Uniballer opens up on Head Injuries Debate

By Erick Jupp

Head injuries and their long-term effects have always been something that is in a player’s mind when they are playing the sport that is American Football.

A study relating to long-term risks of playing American Football conducted back in 2016 showed that more than 40 percent of NFL players had signs of traumatic brain injury after being tested with advanced scanning technology. (Reference – Science Daily – https://www.sciencedaily.com/releases/2016/04/160412091353.htm).

Another study showed that practising without helmets reduced the number of head injuries by 30 percent. The study found that this changed the behaviour of players as without the helmets players were more cautious when playing and not diving into tackles like they would have done if they had the helmets on. (Reference – Natajournals –http://natajournals.org/doi/abs/10.4085/1062-6050-51.1.06).

When looking at the sport in general, one of the main topics that pop up is tackling technique. This is one of the more serious aspects of the sport that leads to more long-term injuries; and if not taught properly, can lead to very severe life-changing injuries and even in some cases death.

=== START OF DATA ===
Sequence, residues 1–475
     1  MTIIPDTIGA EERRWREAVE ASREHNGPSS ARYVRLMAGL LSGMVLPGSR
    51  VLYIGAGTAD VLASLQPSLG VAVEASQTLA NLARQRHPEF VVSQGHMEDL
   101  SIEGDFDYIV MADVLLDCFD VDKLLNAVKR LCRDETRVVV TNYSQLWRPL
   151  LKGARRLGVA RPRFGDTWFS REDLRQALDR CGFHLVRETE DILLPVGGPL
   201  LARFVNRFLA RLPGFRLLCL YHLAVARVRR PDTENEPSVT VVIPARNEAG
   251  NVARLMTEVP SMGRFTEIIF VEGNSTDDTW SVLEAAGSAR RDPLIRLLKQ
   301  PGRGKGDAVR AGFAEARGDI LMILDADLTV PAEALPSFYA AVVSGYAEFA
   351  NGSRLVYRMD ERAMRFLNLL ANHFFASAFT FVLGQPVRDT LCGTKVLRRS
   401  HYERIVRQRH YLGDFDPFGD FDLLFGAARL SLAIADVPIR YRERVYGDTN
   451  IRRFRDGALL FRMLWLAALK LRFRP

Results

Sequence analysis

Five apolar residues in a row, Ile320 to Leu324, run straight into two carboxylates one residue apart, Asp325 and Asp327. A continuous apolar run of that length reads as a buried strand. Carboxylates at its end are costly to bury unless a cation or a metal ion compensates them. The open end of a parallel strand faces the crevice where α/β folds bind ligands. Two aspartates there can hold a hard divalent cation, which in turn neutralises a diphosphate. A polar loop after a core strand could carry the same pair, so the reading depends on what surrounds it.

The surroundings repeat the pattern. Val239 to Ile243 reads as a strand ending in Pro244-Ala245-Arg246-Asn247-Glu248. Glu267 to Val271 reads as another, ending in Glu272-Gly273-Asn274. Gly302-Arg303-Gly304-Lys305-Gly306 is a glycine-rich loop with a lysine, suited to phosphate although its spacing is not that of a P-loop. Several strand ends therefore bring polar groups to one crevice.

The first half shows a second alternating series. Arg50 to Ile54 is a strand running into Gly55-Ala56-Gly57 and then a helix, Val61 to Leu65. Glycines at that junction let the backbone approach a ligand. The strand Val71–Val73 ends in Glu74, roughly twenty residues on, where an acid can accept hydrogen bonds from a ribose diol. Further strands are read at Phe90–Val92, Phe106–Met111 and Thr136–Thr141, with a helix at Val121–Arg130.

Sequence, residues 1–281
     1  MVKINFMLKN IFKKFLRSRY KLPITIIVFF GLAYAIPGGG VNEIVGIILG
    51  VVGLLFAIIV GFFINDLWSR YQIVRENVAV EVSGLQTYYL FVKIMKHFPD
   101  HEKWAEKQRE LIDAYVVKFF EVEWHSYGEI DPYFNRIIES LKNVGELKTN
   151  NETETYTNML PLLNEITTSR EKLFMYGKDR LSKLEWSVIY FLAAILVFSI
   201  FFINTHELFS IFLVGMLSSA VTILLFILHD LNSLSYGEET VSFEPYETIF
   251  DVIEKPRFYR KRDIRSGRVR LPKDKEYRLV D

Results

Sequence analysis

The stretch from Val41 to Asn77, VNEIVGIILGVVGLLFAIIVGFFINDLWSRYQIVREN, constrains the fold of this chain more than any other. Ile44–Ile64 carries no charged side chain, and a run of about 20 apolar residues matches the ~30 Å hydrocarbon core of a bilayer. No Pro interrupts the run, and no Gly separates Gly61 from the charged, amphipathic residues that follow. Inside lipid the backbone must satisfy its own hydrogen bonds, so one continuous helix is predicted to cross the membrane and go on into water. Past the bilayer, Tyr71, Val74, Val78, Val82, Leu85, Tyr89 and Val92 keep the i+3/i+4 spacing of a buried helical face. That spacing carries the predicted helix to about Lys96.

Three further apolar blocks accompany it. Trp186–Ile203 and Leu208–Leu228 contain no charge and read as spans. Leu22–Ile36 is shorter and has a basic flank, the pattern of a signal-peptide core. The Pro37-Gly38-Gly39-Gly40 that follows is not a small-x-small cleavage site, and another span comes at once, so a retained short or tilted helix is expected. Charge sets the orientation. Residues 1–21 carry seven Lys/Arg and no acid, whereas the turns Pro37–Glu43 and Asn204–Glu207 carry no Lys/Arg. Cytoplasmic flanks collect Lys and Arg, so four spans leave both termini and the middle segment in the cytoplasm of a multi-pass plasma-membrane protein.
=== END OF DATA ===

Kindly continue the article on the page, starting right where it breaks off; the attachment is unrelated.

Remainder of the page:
This can either be from something as little as forgetting to keep your head up when making a tackle, to using your head in an attempt to make a big hit on someone and end up hurting yourself in the process; potentially changing your own life in the process depending on the severity.

Staffordshire Stallions centre Evan Woolgrove joined us to talk about the current debate on head injuries in American Football.

Woolgrove (#63) shared his experience with injuries in American Football.

Woolgrove, throughout his time playing, has had a number of injuries in the game.

“I have had about four concussions and each one was for about three weeks,” said Woolgrove.

“In my first year, I blew my knee out. I had to have ACL reconstructive surgery which meant I couldn’t play for a year.”

Playing with the Stallions in the BUCS University American Football league, Woolgrove thinks that improper technique in compromising positions is the main contributor to these injuries in all levels of the sport.

Woolgrove (#63) in action for the Staffordshire Stallions.

“When going into a game, there’s always that one in one hundred chance of getting hit the wrong way which in our league is probably quite common. The proper technique isn’t up there with everything else. If I get hit in the wrong way, my knee might go or I might get another concussion.”

Head injuries are one of the main problems that players must face when playing the sport, and there have been a number of ongoing studies of the impact of concussion carried out in the USA to resolve the issue with head injuries.


Feature image (c) Roger Goodgroves